Intended for healthcare professionals


Predicting cardiovascular risk in England and Wales: prospective derivation and validation of QRISK2

BMJ 2008; 336 doi: (Published 26 June 2008) Cite this as: BMJ 2008;336:1475

Pulse by Mass Index helps to individualise the assessment of cardiovascular risk.

Pulse by Mass Index helps to individualise the assessment of cardiovascular risk.

Julia Hippisley-Cox et. al. in the QRISK2, (BMJ 28 June 2008) use 14 risk factors to predict the cardiovascular risk. Of them, body mass index (BMI), as well as those that can have an influence in the resting heart rate (RHR), like smoking, deprivation, atrial fibrillation, type 2 diabetes and rheumatoid arthritis, are in fully agreement with our findings published in The Lancet 13 March 1999 (1), in which using the Pulse by Mass Index for a preliminary evaluation of the global cardiovascular risk, it had a correlation of 95% with the Framingham risk score.

This findings have important implications, both clinical, for a rapid, inexpensive, non-technologically demanding assessment of the individual patient, as well as epidemiological, in view that around 80% of all cardiovascular deaths occur in developing countries.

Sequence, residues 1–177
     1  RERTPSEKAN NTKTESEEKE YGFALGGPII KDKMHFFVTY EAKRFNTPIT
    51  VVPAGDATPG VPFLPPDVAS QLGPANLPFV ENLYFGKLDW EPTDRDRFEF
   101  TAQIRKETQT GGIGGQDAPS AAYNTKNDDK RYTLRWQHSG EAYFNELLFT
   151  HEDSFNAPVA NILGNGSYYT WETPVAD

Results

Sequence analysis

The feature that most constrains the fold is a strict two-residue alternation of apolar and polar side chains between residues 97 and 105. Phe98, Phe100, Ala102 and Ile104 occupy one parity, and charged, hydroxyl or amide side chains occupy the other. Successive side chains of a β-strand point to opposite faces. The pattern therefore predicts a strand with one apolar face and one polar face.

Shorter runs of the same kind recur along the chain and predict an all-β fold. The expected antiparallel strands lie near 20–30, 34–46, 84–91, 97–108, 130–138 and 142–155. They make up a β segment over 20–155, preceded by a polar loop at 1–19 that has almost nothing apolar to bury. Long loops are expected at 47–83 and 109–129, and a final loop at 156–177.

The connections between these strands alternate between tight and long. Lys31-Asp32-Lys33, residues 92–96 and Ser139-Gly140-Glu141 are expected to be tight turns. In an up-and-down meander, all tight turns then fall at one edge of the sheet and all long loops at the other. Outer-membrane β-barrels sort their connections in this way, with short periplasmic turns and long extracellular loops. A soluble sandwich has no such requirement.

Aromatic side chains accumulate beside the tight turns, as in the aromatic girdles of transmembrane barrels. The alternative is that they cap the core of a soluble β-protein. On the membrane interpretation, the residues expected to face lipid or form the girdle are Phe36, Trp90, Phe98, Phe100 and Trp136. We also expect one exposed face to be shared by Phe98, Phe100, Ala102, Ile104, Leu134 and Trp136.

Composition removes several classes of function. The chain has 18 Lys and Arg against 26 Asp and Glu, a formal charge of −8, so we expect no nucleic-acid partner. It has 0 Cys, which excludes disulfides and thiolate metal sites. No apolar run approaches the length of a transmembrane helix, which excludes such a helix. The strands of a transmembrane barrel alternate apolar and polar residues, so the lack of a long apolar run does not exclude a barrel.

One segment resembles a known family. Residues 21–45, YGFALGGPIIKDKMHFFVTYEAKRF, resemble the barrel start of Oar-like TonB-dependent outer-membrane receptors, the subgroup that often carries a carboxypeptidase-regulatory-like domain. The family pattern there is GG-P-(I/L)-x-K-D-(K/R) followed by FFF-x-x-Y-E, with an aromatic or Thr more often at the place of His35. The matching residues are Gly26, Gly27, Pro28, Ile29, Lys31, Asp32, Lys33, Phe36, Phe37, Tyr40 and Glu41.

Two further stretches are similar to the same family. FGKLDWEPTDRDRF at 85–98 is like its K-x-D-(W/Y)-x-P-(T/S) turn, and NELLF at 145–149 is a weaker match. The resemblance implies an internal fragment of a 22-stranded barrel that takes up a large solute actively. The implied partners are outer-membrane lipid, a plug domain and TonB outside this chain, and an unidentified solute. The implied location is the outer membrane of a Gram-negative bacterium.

The Pulse by Mass Index (PMI) is a simple, clinical, non-laboratory based preliminary assessment of the cardiovascular risk calculated with the formula:

Pulse (Resting Heart Rate) multiplied by Body Mass Index and divided by 1730.

Most patients with a Pulse by Mass Index of 1.3 or more will probably have a high global cardiovascular risk when calculated by the Framingham Risk Score. In the meantime, we have validated this correlation in over 1650 patients.

The importance of the Body Mass Index in the risk assessment becomes thus supported both by Hippisley-Cox et. al. as well as also recently by the Framingham Heart Study (Circulation 12 February 2008). The importance of the Pulse as cardiovascular risk is well known and becomes increasingly recognized.

The practical advantage of the Pulse by Mass Index as a rapid preliminary approach for this evaluation should be of more extensive clinical use, and not only in the developing countries.

Prof. Enrique Sánchez-Delgado, M.D.

Reference: 1. Enrique Sanchez-Delgado, Heinz Liechti. Lancet 1999;353:924-925

Competing interests: None declared

Competing interests: No competing interests

29 June 2008
Enrique J. Sánchez-Delgado
Internist-Clinical Pharmacologist. Director of Medical Education
Hospital Metropolitano Vivian Pellas, Managua, Nicaragua.